An easy React 17 + TypeScript + Tailwind CSS + NextJS setup

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NextJS is becoming a de facto framework for modern web development. In this article we will build a starter repo that you can use for every new project.

Tech Stack:

Creating a new project

As with any new project, we'll create a new directory for our starter repo and initialize it with npm/yarn:

mkdir next-ts-starter
cd next-ts-starter
yarn init

Hit enter on everything if you don't want to configure your npm package yet.

This will create a package.json file for you. That's all we need to start adding the other packages.

Setting up TypeScript

We'll add the TypeScript packages first, so later we can immediately add the typings. First, let's add the TypeScript package as a dev dependency:

yarn add --dev typescript

Then, we will need to create a new file in the root directory called tsconfig.json:

{
  "compilerOptions": {
    "target": "es5",
    "lib": [
      "dom",
      "dom.iterable",
      "esnext"
    ],
    "allowJs": true,
    "skipLibCheck": true,
    "strict": false,
    "forceConsistentCasingInFileNames": true,
    "noEmit": true,
    "sourceMap": true,
    "esModuleInterop": true,
    "module": "esnext",
    "moduleResolution": "node",
    "resolveJsonModule": true,
    "isolatedModules": true,
    "jsx": "preserve"
  },
  "include": [
    "next-env.d.ts",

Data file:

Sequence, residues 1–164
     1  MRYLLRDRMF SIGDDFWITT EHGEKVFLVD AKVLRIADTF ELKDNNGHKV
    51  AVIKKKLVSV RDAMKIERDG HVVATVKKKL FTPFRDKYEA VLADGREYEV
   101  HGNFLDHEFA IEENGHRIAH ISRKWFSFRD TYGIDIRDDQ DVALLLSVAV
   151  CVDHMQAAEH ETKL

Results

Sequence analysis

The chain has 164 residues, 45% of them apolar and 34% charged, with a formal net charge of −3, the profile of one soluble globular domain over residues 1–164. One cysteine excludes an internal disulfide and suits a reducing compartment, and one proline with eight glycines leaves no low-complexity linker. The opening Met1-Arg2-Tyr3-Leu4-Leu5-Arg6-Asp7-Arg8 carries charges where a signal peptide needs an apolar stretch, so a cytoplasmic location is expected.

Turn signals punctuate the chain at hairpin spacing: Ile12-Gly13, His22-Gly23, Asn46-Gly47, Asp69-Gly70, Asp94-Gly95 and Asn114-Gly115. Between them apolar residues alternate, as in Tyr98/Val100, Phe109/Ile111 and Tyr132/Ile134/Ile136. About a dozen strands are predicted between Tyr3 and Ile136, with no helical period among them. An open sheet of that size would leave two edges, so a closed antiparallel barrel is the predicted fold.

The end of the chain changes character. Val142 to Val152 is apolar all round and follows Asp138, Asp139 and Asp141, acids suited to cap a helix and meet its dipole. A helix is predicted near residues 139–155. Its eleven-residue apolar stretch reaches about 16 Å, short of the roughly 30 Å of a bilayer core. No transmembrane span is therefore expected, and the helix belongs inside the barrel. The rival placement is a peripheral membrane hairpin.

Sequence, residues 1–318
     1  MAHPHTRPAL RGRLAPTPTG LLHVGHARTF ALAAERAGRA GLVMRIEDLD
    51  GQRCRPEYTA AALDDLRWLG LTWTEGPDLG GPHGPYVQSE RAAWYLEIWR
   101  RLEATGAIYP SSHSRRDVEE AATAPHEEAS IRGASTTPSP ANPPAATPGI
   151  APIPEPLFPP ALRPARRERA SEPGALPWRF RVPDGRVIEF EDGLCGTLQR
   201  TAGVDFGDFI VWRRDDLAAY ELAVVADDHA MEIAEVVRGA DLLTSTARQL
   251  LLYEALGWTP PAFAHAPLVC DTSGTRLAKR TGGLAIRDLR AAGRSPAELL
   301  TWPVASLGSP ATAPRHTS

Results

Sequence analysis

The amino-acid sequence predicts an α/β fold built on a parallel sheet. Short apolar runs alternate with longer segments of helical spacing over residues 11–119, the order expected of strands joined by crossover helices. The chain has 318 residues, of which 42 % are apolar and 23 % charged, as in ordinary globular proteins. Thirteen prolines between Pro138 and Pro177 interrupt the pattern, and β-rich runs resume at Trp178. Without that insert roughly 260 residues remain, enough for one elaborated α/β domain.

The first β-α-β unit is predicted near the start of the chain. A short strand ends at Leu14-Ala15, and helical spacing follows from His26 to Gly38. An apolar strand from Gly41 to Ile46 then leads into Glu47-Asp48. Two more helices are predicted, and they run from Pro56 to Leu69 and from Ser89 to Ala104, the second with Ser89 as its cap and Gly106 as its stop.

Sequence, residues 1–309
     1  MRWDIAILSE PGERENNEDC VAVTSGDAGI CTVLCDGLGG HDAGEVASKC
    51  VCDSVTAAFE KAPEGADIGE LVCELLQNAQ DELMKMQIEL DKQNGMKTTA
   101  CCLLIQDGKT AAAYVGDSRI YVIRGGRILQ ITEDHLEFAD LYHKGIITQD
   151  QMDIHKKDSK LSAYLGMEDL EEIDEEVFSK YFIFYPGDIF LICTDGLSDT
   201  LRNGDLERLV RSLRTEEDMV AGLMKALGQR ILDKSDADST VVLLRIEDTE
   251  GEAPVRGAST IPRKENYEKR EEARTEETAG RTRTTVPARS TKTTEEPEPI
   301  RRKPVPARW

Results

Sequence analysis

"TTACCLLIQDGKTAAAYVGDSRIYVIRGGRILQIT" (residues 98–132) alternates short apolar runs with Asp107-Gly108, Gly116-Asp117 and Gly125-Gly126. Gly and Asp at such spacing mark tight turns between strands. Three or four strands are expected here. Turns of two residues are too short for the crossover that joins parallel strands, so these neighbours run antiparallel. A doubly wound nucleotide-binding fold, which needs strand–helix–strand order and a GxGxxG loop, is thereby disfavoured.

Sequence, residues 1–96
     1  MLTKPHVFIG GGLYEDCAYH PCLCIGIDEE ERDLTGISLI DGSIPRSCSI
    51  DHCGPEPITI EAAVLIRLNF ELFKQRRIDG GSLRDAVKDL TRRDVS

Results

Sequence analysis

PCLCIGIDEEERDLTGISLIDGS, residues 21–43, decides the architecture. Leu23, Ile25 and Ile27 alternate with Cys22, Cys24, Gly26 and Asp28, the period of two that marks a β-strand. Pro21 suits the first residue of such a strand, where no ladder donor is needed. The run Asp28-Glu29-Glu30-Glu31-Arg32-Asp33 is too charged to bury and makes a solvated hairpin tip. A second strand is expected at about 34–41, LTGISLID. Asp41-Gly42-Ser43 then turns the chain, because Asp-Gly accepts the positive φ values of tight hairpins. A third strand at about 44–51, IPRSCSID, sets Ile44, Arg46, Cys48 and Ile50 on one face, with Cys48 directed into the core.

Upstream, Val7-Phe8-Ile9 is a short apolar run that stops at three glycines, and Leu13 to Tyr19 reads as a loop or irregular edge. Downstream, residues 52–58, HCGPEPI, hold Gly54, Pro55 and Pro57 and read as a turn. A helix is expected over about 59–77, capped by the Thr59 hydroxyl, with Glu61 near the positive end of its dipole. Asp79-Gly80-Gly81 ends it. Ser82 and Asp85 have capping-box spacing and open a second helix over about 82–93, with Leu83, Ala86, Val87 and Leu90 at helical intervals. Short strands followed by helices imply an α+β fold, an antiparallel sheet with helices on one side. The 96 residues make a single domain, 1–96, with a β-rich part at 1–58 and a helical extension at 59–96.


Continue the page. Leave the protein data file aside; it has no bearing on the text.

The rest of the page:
"**/*.ts",
    "**/*.tsx"
  ],
  "exclude": [
    "node_modules"
  ]
}

Now let's start adding our packages.

Installing React

Installing react is straightforward. We'll only need to add the following npm packages:

yarn add react react-dom

And the TypeScript support packages:

yarn add --dev @types/node @types/react

Setting up Next JS

First, we'll need to add the Next JS package:

yarn add next

Now let's go back to packages.json and add the Next JS scripts:

...
"scripts": {
    "dev": "next dev",
    "build": "next build",
    "start": "next start"
},
...

Then we'll need to create a next-env.d.ts file for the types:

/// <reference types="next" />
/// <reference types="next/types/global" />

And optionally, we can create the next.config.js file in which we can extend the webpack config, or add our environment variables:

module.exports = {
  distDir: 'build',
  publicRuntimeConfig: {
    // add your public runtime environment variables here with NEXT_PUBLIC_*** prefix
  },
  webpack: (config) => {
    // extend your webpack configuration here
    return config;
  },
}

Now let's create the initial page and test if it works. Create a new directory called pages in the root, and inside create an index.tsx file:

import { FC } from 'react';

const IndexPage: FC = () => {
    return <h1>Hello, CodeChem!</h1>;
};

export default IndexPage;

Tip: as with React 17, you don't need to add "import React from 'react';" in your component files anymore!

Okay so now let's execute yarn dev and head to http://localhost:3000. You should see the "Hello, CodeChem!" heading. And that means everything works fine and we're ready to move on.

Setting up Tailwind CSS

First, we'll need to install the tailwindcss package:

yarn add tailwindcss

Optionally, we can create the empty tailwind.config.js file in the root directory:

module.exports = {
  important: true,
  purge: {
    content: ['./pages/**/*.tsx']
  },
  theme: {},
  variants: {},
  plugins: [],
  future: {
    purgeLayersByDefault: true,
  },
};

Tip: to completely utilize the purging functionality, add your new folders in the second line with the tsx postfix.

Next, we'll need to install the postcss-import package:

yarn add postcss-import@^12.0.0

At the time of writing this article, postcss-import version 13.0.0 is breaking the tailwind implementation, therefore we will explicitly use the ^12.0.0 version.